Top Ten Ways to Identify Local Mid-Century Architecture

Reprinted from the November 12, 2011 Ft Myers News- Press article
By Joyce Owens AIA, RIBA

  1. Exuberant Shapes: Buildings took on flexible profiles using swooping roofs, extended cantilevers and curved walls while residential buildings were often characterized by rambling horizontal forms with flat or low sloping roofs.
  2. Abandoned Symmetry: Most often asymmetrical, these progressive buildings are in complete contrast to the designs of the past. Instead they relied on balance, proportion and scale to outwardly communicate the function of space within. The slope of the roof is expressed both inside and out creating novel interior spaces and allowing buildings to be read from the outside — higher roofs and therefore higher ceilings imply public space while lower roofs identify more private spaces like bedrooms or bathrooms.
  3. Innovative Construction: Traditional load-bearing walls of the past were abandoned. Post and beam construction, which supports horizontal beams by means of vertical posts of thin steel or wood columns, replaced traditional construction thanks to longer beams and stronger columns. Thus, external walls could be made of glass.
  4. Lightness of Being: Extensive expanses of glass, louvers and/or screens were used in these sizeable openings, giving the mid-century structures a remarkable lightness. Doors were often sliding and windows often jalousie, permitting natural breezes to ventilate the interiors. These openings could be located in a building according to the interior function and the requirements of the occupant — as opposed to the rigid rules of traditional styles.
  5. Climate Survival by Passive Design: The orientation on the site avoided direct sunlight and made use of shade to reduced heat gain, and ventilation was encouraged to keep air cool. The shape of the building was critical in controlling airflow, and deep overhangs in a variety of shapes provided shade to large glass openings below and protection from tropical downpours. By incorporating these simple rules of passive design it was possible to live and work in south Florida without air conditioning.
  6. Flowing Floor Plans: Open spaces were the norm — low walls or screens that never touch the ceiling, made of a variety of materials, defined space without enclosing rooms. That contributed to air movement and increased the space perception.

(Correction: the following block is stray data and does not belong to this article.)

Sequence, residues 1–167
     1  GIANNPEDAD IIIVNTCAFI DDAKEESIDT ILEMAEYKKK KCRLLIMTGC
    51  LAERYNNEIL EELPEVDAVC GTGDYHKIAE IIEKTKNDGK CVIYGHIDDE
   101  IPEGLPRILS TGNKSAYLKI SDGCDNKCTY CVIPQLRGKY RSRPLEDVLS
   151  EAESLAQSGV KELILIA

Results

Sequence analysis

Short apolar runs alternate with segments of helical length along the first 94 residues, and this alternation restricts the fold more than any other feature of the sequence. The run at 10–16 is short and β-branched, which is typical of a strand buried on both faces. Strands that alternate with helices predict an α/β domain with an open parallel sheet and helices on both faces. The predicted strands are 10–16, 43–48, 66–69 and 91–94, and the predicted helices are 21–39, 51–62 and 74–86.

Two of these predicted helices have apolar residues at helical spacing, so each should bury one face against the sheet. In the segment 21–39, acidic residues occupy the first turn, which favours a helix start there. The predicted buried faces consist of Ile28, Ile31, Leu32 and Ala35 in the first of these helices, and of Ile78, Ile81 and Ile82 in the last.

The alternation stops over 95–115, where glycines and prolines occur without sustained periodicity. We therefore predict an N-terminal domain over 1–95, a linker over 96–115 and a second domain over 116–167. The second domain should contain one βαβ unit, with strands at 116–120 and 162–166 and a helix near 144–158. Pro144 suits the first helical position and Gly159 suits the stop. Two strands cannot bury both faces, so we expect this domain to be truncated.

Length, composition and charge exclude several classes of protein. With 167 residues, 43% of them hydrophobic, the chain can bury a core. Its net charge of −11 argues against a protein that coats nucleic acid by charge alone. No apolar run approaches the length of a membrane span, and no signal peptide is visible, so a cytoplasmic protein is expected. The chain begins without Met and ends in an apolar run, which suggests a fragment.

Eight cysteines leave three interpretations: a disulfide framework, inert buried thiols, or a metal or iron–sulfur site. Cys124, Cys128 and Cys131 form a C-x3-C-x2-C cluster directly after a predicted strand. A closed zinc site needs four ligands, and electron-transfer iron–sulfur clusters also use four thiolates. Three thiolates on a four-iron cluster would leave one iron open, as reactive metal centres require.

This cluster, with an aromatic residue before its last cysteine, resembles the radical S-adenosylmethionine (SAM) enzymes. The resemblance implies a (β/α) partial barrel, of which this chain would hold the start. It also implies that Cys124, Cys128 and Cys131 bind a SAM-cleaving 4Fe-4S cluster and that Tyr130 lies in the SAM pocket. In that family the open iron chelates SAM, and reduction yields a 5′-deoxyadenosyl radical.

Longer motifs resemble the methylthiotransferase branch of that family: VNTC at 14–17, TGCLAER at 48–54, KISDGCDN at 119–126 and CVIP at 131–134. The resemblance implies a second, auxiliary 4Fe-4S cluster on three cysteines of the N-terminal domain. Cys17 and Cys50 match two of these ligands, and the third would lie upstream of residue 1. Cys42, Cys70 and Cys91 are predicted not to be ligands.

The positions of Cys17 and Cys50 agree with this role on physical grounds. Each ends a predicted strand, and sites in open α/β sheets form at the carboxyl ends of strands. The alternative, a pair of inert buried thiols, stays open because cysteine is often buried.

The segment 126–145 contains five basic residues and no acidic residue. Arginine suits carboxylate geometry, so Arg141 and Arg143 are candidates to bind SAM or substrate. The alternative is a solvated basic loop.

7. Privacy Principles: Privacy from the street side was common. Small windows faced the road and buildings often featured a private entry hall or courtyard. But once inside buildings became more transparent, often with considerable openings at the back, framing views overlooking the water, an outdoor patio for entertaining or simply, a well-manicured backyard.
  8. Exterior Motives: The relationship with the outdoors was paramount. Not only did large openings blur the relationship between the inside and out, but this seamless transition reinforced the relationship with the landscape as well. Houses, in particular, were small but by opening out to paved patios, screened porches and courtyards, essential well-loved living space was created.
  9. Material Integrity: Buildings were fresh and original, taking advantage of new materials and new technology, as well as new construction methods. Materials were honest: terrazzo floors, decorative brick or stacked concrete block, exposed timber structure or wood paneling – not painted or covered but left bare. And for the first time materials passed from inside to out – further emphasizing the ambiguity between the interior and exterior.
  10. Great light, Cool spaces: Natural light was indirect — a result of carefully planning the orientation of the building combined with deep overhangs. Loads of daylight came in but never direct sunlight. The light source of artificial lights was indirect as well, often hidden in coves or above cabinets bouncing light up to the ceilings and subtly washing walls.

Ft Myers News- Press article by Joyce Owens, AIA, RIBA link
Mid-Century Modern in Southwest Florida (MCMO) website


Big Turnout for SAF “Strandhus” Tour

On Tuesday, January 10, 2012 there was a SAF tour of “Strandhus” (beach house), a modernist renovation in Lido Shores with TOTeMS Architecture. The homeowner and inspired architecture team transformed an ugly duckling into a swan. SAF’s Larry Reinebach introduced Jerry, the lead TOTeMS architect, who spoke about the project, on-going since 2008.